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Media Literacy Review
Center for Advanced Technology in Education - College of Education - University of Oregon - Eugene
 

Uncivil Wars

Bill Walsh, Contributing Writer
E-Mail: WillWalsh@aol

As we continue to study, discuss, and think about the media and their impact on society, the question arises of how the media is changing us. That's an odd and a little frightening concept -- that the media DOES change people and the way we think and act, but I fear that it's true. And sometimes the changes are discouraging to see.

The media are turning us somehow into a less civil society. There's more name-calling and less thinking these days. More attacking of people and less attacking of ideas or positions. It's chilling.

Much of the electronic media (TV, radio, film) is "hot." That is to say that they don't deal well with ideas or reason or arguments. Because of the need to keep things moving, the requirement to keep things exciting, they often make their point in a passionate and personal way rather than in a calm detatched manner. And because we're constantly exposed to this, it's changing the way we react to things. We're reacting in a hot and personal manner rather than in a quieter, more thoughtful way.

You may recall the TV clip from a few months ago where Maxine Waters, United States Congresswoman from California, shouted at another Congressman in the middle of a Congressional hearing to "Shut up!"

Or noticed that increasingly on those TV talk shows that guests are slapping each other, pushing and shoving when they disagree. More physical fights are erupting, often set-clearing melees where the host gets to play peace-maker and stage hands separate the combatants. Frankly, it makes for good TV. It's exciting and personal and full of raw human emotion and drama.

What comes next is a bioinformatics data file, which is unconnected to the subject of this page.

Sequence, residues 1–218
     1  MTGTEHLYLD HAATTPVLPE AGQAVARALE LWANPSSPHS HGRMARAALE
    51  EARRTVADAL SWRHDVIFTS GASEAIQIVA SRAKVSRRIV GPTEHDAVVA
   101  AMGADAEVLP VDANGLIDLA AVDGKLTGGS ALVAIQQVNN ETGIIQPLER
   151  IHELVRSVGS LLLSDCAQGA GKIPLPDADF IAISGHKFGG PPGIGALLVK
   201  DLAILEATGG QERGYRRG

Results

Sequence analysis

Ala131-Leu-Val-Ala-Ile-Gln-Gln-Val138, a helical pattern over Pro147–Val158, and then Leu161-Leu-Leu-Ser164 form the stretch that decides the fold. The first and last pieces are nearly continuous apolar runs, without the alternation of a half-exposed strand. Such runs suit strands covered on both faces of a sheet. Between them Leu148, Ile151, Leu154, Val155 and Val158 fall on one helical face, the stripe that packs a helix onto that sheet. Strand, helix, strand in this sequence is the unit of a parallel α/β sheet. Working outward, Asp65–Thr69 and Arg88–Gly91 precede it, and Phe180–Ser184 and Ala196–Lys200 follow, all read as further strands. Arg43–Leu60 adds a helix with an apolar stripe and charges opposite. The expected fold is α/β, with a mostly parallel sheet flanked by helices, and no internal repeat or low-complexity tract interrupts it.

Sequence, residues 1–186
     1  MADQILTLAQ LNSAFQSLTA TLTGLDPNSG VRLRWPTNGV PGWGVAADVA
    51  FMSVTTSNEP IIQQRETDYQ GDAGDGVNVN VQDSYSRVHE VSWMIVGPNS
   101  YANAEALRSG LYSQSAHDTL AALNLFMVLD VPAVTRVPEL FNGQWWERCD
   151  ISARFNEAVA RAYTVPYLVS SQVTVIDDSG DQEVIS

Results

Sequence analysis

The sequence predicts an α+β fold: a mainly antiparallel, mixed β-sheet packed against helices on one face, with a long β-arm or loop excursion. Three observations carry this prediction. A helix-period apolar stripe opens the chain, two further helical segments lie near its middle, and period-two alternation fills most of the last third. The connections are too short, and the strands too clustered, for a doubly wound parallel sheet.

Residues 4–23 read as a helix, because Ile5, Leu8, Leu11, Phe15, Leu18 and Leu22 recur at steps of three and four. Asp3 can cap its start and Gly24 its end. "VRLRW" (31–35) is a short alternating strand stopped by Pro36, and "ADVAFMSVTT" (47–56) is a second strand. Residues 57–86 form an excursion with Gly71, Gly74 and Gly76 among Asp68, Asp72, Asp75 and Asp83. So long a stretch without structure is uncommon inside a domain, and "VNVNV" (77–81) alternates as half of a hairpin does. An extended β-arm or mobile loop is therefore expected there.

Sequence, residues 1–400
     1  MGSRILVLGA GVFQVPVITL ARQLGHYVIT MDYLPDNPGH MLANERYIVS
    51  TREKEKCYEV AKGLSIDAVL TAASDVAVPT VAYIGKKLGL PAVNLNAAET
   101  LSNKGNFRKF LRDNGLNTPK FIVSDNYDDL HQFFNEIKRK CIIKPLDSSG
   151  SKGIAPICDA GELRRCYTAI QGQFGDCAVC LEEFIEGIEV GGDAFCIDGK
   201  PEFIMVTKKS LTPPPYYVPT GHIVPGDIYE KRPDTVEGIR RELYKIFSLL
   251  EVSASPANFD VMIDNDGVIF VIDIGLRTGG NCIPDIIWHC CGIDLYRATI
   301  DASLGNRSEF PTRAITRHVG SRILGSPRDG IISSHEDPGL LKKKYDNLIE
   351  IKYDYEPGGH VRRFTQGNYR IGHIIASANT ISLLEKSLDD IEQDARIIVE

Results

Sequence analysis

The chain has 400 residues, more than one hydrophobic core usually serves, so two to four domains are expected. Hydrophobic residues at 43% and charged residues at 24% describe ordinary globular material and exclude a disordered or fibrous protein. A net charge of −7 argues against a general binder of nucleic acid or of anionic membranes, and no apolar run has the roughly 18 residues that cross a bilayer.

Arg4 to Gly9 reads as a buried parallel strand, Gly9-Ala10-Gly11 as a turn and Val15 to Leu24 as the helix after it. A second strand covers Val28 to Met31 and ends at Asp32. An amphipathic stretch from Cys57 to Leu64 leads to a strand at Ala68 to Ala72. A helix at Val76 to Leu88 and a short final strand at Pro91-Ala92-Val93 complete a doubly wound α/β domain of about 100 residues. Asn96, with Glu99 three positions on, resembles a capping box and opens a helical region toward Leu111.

A clip might even get shown on the evening news (or certainly on "Talk Soup"). It's good for viewership, but it's also a disturbing trend.

Emotion replaces thought. Name-calling replaces a discussion of ideas.

You can see it even on the national political scene. Whatever you may think of Dole or the Clintons, you must admit that much of what passes for political discussion and debate is now a collection of charges about a person's character. We are talking less and less about ideas and policies these days and more and more about the people who hold them.

I heard Rush Limbaugh the other day call the Clintons "grave robbers." He was trying to make a point about how the White House keeps saying that various scandals were Vince Foster's fault -- that they're trying to blame the dead guy. But he descended into name-calling.

Locally, too, talk show hosts engage in personal attacks on a person's character rather than discuss his ideas. WBZ radio's all-night talk host Bob Raleigh regularly calls director Oliver Stone "swine." This is what passes for thoughtful discourse these days.

On local access TV recently, I saw a talk show where someone accused the town administration of "cooking the books." Now I doubt if the guy who said this was really alleging criminal behavior on the part of local officials. It was merely his way of expressing disagreement (anger? frustration?) with the way things are going in town. But instead of dealing with issues or arguments, instead of discussing calmly a difference of opinion, he made a slanderous charge.

Maybe I'm just sensitive to this because I've become the target of personal attacks as well. A few weeks ago in this column, I had the audacity to suggest that Billerica needed to do more in the area of educational access TV ("Public and educational TV can co-exist," 6/13/96). Shortly thereafter, an impeachment petition appeared at BATV attacking my "ethics and loyalty."

It didn't attack my ideas or suggestions or thoughts -- it attacked me personally. Unwilling (or unable) to thoughtfully discuss a difference of opinion, people have taken to name-calling and personal attacks.

It is chilling and discouraging indeed.

Language -- even the language of the media -- CAN be used to communicate carefully-considered thoughts and ideas as well as thought-less reactions and charges. It's a question of whether we are in control of the media we use every day or whether the media is changing us and the way we react to each other.

Obviously, we need to raise the level of discourse on ALL levels -- we need to be able (and willing) to put aside the "hot" personal language of the media and to treat each other as rational human beings.


Bill Walsh is the A/V Media Specialist at Billerica High School, Billerica, MA.